Have you ever told someone your deepest, darkest secret? Was it cathartic? Did you feel
relieved, as if a weight was lifted off of your shoulders?
Well, that’s the principle behind PostSecret, an ongoing community mail art project. They believe that everyone has a secret. Some have secrets that individuals volunteer to share with family and friends and some who have secrets they will tell no one. These secrets, if forever concealed, can lead to the burden of overwhelming guilt and regret, among others. PostSecret reveals and displays secrets written on postcards that have been anonymously submitted from people all around the world. People c
an decorate and express their secret how ever they choose, as long as it fits on a postcard. Creator Frank Warren, with the help of his team, select only a few from the hundreds of thousands of secrets he receives to post on his website, exhibit in his books, or unveil in his guest
Beginning with a blog, PostSecret has expanded from displaying a minimum of 10 secrets every Sunday to now 20 secrets every Sunday. Here, Warren uploads photographs and emails that people have submitted. Again, thousands of people view PostSecret’s Sunday Secrets weekly. Warren has collected hundreds of thousands of secrets since its founding in early 2005 and has exhibits all around the country.
There is something liberating in reading someone’s deepest secrets. Some are as startling as, “I only love one of my children.” Despite the tense topics exposes it individual’s secrets, people find inspiration in reading someone else’s innermost thoughts.
When asked about the purpose, Frank Warren explained, “the secrets are meant to be empowering both to the author and to those who read it. …The postcards are inspirational to those who read them, have healing powers for those who write them, give hope to people who identify with a stranger's secret, and create an anonymous community of acceptance.” In 2008, Warren and PostSecret collaborated with 1-800-suicide in order to bring hope to anonymous individuals who revealed in their secret that they were considering ending their life. Frank has spoken throughout college campuses giving lectures and prompting discussions, sharing his experiences through the PostSecret project.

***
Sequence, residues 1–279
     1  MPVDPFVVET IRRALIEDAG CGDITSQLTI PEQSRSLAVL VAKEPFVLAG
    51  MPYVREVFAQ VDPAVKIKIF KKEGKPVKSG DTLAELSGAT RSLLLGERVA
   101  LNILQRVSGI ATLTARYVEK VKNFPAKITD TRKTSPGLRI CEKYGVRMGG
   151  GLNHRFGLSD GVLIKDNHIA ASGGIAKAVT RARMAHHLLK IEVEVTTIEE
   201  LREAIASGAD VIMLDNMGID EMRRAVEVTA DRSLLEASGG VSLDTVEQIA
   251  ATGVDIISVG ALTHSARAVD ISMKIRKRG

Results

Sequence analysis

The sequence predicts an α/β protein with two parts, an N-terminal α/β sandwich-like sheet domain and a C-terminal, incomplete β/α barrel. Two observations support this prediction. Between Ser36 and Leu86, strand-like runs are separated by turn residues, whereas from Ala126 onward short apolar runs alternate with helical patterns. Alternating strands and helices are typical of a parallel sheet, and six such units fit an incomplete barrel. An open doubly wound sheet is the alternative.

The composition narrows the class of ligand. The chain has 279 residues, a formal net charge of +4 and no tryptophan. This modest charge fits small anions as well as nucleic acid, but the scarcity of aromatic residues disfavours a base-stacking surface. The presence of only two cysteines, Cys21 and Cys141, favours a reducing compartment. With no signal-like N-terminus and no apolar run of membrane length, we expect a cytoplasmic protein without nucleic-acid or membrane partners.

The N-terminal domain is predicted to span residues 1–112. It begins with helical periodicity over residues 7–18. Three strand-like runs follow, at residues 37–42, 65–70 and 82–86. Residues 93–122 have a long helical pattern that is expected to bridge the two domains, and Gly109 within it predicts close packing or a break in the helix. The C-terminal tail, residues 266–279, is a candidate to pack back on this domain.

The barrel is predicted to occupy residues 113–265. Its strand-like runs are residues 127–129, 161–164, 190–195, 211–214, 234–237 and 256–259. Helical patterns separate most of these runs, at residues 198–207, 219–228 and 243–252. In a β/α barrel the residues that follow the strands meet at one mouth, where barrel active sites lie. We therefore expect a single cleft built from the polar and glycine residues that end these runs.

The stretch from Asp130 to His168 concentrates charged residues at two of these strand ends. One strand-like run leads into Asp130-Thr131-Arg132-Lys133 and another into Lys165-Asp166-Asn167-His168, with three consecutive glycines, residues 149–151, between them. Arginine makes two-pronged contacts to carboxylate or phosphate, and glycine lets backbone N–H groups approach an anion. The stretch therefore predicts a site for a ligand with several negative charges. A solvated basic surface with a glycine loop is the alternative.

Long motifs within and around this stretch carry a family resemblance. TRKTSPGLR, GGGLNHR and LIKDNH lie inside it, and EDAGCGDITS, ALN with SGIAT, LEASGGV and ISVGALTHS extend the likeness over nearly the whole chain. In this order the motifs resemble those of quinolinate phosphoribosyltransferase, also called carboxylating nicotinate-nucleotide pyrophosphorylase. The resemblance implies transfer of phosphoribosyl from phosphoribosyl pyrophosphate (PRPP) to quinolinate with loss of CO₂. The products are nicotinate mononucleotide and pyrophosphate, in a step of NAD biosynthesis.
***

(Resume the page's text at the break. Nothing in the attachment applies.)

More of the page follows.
So, what’s the appeal? As an avid PostSecret fan, there is comfort in knowing that someone, either far away or close by, male or female, older or younger, gay or straight, could be experiencing the same thing that you are. Moreover, this project provides hope. The PostSecret community embraces people’s vulnerability and provides a welcoming atmosphere for everyone’s secrets.
With five books out, these PostSecret compilations include secrets organized into particular topics like dreams, prayers, confessions, memories, etc. The new tradition that has risen from PostSecret is slipping one’s own secrets into a PostSecret book at a store such as Barnes and Noble or Borders. If someone were to buy it, they will receive your anonymous secret, just for him or her. Upon receiving critical acclaim for its success and morally sound intentions, PostSecret has expanded to include French and German versions, making it no longer a national, but a global art project. Also, with the recent popularity of social networking, PostSecret has benefited from these sites and reached out to communities through Facebook, YouTube, and Twitter.
Despite the submitter's anonymous status, people are still hesitant to reveal their secrets. Some post these confessions, hoping that they will be recognized. For others, being recognized is their biggest fear. The release of a secret simultaneous emits feelings of liberation and terror. It is this risk, however, that drives people to finally expunge themselves of this burden.
Will you submit your secret?
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